Think Positively: Dealing With Pet Damage

In October my pup Kojo turned 1. Knowing that he has been pretty well behaved with respect to the things in our apartment, my boyfriend and I decided to let him spend more time out of his crate while we're at work. Last week he thanked us by gnawing our vintage coffee table in at least four places.What's done is done, but I'll never feel good thinking my dog's lonely (or that he's acting out because of it). He has a midday walker, and we're still working out how much free and crate time he should have. Moreover, I'm trying to put a positive spin on the incident.

First, there is no history or real money lost. I had been pretty proud of finding the table, a Mersman model, for $20 from an antique market near my home town. Fortunately he didn't knock over the bowl sitting on the table, which I brought home from what remains of my great-grandparents' home in Ireland.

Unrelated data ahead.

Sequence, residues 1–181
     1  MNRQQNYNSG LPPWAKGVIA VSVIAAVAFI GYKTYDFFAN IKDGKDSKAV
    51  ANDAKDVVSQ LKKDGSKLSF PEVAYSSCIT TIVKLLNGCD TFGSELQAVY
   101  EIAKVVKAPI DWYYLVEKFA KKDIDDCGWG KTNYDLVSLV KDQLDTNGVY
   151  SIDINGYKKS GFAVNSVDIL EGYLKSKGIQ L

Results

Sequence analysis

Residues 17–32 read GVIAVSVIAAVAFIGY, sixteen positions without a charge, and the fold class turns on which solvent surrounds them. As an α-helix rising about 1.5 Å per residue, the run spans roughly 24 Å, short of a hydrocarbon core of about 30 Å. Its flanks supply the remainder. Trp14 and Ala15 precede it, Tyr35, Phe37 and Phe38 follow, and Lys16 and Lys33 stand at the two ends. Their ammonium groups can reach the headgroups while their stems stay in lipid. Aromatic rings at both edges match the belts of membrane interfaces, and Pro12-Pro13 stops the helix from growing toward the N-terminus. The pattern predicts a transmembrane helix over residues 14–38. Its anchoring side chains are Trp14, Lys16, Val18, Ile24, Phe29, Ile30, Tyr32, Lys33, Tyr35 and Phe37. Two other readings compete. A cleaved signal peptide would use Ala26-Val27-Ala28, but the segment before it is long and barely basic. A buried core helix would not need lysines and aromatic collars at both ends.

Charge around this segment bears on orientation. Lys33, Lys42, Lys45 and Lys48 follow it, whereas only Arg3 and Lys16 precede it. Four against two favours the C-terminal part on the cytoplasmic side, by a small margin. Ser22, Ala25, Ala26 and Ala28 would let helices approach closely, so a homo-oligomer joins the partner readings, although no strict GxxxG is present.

Second, I had been contemplating refinishing the top, and Kojo's bad behavior gives me the push to try out my skills. While one corner is especially bad shape, I'm curious to see how the table will look once I have gotten to it with wood putty, sandpaper, and stain. (At which point I'll sell or donate it.)

Third, and the most fun, it gives me permission to hunt for new coffee table options. The current, chewed one doesn't have any storage, and my boyfriend and I also want a setup that is more foot-friendly.

Has your pet ever damaged your home or furnishings? In one way or another did any good come out of it? (And do you have non-wood coffee table suggestions?)

Image: The offender "helps" me with a pegboard project.

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Kim has been sharing creative projects and ideas as a Contributor to Apartment Therapy since 2010. Her writing highlights stylish, budget-friendly solutions to common household problems. Kim is a fluent French speaker and a houseplant enthusiast.

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